Environmental risk and impact assessments

Assessments of lifecycle impact of products, ensuring environmentally sound management policies

Allocation of responsibilities and accountability within the organisation

Criterion 11: The COP describes effective monitoring and evaluation mechanisms for environmental stewardship

System to track and measure performance based on standardized performance metrics

Leadership review of monitoring and improvement results

Process to deal with incidents

Audits or other steps to monitor and improve the environmental performance of companies in the supply chain

Robust Anti-Corruption Management Policies & Procedure

Criterion 12: The COP describes robust commitments, strategies or policies in the area of anti-corruption

Publicly stated formal policy of zero-tolerance of corruption (D1)

Commitment to be in compliance with all relevant anti-corruption laws, including the implementation of procedures to know the law and monitor changes(B2)

Policy on anti-corruption regarding business partners (D5)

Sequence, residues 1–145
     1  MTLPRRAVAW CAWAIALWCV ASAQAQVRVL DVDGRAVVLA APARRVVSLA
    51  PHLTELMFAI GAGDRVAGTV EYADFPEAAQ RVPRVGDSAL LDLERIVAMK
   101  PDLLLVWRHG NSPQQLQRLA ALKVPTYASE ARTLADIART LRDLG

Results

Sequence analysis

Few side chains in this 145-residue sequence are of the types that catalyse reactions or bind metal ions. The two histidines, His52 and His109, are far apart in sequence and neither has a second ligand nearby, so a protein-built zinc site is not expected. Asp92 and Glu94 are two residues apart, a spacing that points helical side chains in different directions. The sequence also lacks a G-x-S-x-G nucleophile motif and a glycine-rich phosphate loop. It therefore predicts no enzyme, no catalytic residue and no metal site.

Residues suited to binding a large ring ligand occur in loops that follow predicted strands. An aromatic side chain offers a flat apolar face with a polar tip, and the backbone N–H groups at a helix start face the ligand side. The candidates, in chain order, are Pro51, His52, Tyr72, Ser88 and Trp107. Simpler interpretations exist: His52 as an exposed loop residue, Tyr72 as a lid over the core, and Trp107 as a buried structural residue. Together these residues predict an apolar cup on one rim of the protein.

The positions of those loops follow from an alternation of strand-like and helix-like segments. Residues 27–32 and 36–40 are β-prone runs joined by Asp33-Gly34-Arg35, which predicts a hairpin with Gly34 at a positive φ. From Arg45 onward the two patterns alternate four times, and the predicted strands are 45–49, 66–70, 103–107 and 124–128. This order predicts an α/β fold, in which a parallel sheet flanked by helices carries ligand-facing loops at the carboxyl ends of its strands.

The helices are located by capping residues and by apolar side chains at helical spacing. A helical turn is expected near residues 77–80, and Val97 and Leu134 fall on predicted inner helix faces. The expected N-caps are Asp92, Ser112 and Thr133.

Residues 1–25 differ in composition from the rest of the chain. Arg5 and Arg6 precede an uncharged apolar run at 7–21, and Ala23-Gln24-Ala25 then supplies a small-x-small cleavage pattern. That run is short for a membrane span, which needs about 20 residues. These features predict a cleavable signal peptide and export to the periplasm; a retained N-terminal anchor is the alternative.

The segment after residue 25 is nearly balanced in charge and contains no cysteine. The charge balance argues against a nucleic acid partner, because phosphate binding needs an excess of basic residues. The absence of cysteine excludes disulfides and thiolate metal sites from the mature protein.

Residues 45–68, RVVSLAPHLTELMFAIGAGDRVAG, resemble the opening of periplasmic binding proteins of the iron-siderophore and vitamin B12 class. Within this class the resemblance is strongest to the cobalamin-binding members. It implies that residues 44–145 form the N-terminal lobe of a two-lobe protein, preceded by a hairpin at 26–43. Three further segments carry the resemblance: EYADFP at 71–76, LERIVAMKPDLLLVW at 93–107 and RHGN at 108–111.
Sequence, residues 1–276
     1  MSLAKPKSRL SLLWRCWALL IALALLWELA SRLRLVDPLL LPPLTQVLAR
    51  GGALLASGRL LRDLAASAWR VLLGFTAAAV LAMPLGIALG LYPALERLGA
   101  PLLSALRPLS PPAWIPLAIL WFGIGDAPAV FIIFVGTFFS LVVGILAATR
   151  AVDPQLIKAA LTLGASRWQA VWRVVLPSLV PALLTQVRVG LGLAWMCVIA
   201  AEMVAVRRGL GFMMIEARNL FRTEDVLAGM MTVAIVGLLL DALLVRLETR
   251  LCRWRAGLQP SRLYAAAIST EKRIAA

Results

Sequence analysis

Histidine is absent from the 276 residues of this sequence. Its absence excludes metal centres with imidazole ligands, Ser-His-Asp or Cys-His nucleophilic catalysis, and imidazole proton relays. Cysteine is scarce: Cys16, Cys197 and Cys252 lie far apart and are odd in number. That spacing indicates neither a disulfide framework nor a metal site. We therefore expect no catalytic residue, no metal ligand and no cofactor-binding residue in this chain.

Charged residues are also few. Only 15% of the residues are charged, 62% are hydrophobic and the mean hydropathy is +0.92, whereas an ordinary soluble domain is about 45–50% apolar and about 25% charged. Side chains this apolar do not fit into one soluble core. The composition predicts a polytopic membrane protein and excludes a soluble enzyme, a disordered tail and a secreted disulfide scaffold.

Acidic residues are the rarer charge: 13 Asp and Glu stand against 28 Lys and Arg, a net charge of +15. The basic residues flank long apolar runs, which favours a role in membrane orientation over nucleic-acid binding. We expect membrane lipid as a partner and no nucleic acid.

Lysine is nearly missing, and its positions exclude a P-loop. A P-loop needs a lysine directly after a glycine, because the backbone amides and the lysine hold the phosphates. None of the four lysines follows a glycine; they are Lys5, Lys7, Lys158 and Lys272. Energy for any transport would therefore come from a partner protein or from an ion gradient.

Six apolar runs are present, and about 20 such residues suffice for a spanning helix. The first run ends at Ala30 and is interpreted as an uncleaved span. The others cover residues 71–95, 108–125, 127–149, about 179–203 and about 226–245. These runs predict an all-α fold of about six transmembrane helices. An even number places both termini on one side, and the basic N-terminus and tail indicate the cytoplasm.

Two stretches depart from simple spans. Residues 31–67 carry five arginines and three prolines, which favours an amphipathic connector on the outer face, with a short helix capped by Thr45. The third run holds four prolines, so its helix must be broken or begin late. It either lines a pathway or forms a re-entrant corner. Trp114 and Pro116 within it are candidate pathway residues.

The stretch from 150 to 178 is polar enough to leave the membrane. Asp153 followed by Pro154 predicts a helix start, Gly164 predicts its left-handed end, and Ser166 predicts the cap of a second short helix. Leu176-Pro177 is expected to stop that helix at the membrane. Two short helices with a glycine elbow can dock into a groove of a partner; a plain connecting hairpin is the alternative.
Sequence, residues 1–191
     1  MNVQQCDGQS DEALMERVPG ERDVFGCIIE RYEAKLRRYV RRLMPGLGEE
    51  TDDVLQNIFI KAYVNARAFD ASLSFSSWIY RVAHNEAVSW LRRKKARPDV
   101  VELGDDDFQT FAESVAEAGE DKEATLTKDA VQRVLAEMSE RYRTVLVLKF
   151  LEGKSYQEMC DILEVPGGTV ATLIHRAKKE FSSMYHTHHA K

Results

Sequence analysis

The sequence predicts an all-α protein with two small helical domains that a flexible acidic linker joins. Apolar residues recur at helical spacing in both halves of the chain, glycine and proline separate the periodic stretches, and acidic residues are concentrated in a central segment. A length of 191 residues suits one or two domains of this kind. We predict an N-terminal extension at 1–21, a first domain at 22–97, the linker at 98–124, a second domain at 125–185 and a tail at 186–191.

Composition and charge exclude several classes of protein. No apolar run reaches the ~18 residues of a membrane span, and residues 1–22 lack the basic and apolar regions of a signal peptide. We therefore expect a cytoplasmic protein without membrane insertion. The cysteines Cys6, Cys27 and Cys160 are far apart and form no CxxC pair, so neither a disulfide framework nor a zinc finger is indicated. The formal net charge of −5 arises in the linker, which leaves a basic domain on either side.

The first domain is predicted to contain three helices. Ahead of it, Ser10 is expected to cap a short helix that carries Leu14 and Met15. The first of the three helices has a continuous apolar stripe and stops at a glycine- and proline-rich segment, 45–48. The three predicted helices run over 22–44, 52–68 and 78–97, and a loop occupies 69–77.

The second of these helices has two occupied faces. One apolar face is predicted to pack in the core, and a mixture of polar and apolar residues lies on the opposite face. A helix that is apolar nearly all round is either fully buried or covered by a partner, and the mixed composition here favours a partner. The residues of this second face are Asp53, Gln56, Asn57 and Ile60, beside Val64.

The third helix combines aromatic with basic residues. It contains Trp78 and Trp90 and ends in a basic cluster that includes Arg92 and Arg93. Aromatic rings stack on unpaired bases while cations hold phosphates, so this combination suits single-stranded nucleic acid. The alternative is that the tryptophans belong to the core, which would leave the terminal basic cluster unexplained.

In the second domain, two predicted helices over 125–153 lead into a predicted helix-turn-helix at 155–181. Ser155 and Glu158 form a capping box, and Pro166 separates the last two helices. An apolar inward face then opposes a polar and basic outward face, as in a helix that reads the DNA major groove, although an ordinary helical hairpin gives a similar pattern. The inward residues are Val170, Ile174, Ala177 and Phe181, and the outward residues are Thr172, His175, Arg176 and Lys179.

Criterion 13: The COP describes effective management systems to integrate the anti-corruption principle

Support by the organization’s leadership for anti-corruption (B4)

Human Resources procedures supporting the anti-corruption commitment or policy, including communication to and training for all employees (B5 + D8)

Internal checks and balances to ensure consistency with the anti-corruption commitment (B6)

Actions taken to encourage business partners to implement anti-corruption commitments (D6)

Management responsibility and accountability for implementation of the anti-corruption commitment or policy (D7)

Communications (whistleblowing) channels and follow-up mechanisms for reporting concerns or seeking advice (D9)

Criterion 14: The COP describes effective monitoring and evaluation mechanisms for the integration of anticorruption

Process to deal with incidents (D13)

Taking Action in Support of Broader UN Goals and Issues

Criterion 15: The COP describes core business contributions to UN goals and issues

Align core business strategy with one or more relevant UN goals/issues

Develop relevant products and services or design business models that contribute to UN goals/issues

Adopt and modify operating procedures to maximize contribution to UN goals/issues

Criterion 16: The COP describes strategic social investments and philanthropy

Pursue social investments and philanthropic contributions that tie in with the core competencies or operating context of the company as an integrated part of its sustainability strategy

Criterion 17: The COP describes advocacy and public policy engagement

Publicly advocate the importance of action in relation to one or more UN goals/issues